Special forces values: how the regiment's ethical framework influences its organizational effectiveness
Kingsley, Jonathan D.
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Current management theory finds that deeply held values provide a significant explanation for the behavior of professionals. Accordingly, this thesis illuminates the positive impact that the 1st Special Forces Regiment's ethical structure--the SF Ethic--has on the organization's effectiveness. The study describes the SF Ethic through the lens of the two major (opposing) normative ethical theories: consequentialism and non-consequentialism. It determines that the SF Ethic is a combination of both theories along with Virtue Theory. The latter contains the notion of prudence, which offers a balanced and deliberative middle path, a means by which to navigate a tension that exists between the former two theories. The SF Ethic--Effectiveness pathway depicts the process by which an SF soldier operating under the SF Ethic might contribute to effectiveness. Values shape principles that define one's duties. Then professional and prudential judgment--influenced by organizational and operational factors--informs decisions. Essential contextual factors include the environment (often complex and unstable), organizational structure (a professional-adhocracy within a machine bureaucracy), and culture. Organizational theory concepts--commitment, trust, and professionalism--empirically evince the SF Ethic--SF Effectiveness correlation. Likewise, Army and SF publications offer trust-based explanations-- related to legitimacy and influence--for the SF Ethic--SF Effectiveness link. Recommendations include organizing the various conceptions of values and attributes to provide a sense of hierarchy, priority, and common definitions across sources; developing a semi-algorithmic process guide to help operators systematically think through moral dilemmas; and adding an ethics training block to the SF Qualification Course to professionalize the force and contribute to organizational effectiveness.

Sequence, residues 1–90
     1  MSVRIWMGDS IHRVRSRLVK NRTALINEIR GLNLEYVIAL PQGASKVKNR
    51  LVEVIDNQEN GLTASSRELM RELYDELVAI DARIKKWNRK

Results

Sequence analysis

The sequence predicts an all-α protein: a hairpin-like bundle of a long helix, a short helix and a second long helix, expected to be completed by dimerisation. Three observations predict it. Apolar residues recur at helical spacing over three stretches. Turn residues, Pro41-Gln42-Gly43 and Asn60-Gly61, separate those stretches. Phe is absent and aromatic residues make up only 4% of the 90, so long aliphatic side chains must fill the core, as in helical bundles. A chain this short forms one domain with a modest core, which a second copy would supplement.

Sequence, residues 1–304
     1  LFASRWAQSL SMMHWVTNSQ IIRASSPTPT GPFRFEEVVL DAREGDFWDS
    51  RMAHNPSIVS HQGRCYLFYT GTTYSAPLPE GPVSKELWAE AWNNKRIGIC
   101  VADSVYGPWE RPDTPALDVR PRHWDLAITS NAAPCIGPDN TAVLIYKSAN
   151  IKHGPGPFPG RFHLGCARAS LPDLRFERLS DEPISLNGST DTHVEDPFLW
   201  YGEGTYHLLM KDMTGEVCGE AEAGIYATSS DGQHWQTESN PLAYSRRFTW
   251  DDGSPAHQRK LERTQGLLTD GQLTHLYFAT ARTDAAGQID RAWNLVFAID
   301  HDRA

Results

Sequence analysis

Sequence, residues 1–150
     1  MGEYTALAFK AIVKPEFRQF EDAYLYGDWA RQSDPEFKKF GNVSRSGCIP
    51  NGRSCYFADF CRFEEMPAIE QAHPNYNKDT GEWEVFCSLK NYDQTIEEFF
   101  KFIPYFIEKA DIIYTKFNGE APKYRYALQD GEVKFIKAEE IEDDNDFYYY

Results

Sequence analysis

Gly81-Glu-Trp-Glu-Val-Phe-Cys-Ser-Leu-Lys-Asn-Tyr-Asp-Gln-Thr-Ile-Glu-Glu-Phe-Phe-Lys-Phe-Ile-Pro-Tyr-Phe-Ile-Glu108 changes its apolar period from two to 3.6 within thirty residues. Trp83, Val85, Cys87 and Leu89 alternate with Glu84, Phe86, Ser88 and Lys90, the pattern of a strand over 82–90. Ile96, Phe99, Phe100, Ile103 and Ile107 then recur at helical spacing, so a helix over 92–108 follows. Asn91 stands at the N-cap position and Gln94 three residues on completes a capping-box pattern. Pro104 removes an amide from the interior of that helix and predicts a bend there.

RightsThis publication is a work of the U.S. Government as defined in Title 17, United States Code, Section 101. Copyright protection is not available for this work in the United States.
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